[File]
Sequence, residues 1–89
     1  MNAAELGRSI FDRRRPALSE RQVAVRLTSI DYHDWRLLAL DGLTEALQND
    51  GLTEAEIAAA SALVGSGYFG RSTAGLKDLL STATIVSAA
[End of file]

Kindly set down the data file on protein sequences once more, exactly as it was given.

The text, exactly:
Sequence, residues 1–89
     1  MNAAELGRSI FDRRRPALSE RQVAVRLTSI DYHDWRLLAL DGLTEALQND
    51  GLTEAEIAAA SALVGSGYFG RSTAGLKDLL STATIVSAA